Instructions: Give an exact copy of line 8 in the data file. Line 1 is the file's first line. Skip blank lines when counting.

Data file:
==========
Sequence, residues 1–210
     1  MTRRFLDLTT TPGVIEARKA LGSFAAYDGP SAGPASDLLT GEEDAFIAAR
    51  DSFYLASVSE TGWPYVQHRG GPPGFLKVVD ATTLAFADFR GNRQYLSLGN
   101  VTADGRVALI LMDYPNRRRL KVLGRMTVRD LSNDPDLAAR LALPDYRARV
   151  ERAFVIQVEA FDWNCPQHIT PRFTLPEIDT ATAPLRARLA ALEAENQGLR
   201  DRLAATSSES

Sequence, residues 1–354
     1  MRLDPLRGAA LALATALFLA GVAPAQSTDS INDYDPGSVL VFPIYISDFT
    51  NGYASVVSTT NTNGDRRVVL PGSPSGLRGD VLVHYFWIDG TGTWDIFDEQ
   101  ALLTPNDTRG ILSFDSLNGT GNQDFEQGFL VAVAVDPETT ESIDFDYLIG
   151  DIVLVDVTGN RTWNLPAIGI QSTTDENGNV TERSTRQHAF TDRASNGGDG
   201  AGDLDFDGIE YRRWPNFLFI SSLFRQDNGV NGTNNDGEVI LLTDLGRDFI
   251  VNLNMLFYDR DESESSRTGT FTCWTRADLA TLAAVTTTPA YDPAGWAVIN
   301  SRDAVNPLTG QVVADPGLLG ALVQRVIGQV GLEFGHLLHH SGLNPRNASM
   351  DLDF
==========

     1  MRLDPLRGAA LALATALFLA GVAPAQSTDS INDYDPGSVL VFPIYISDFT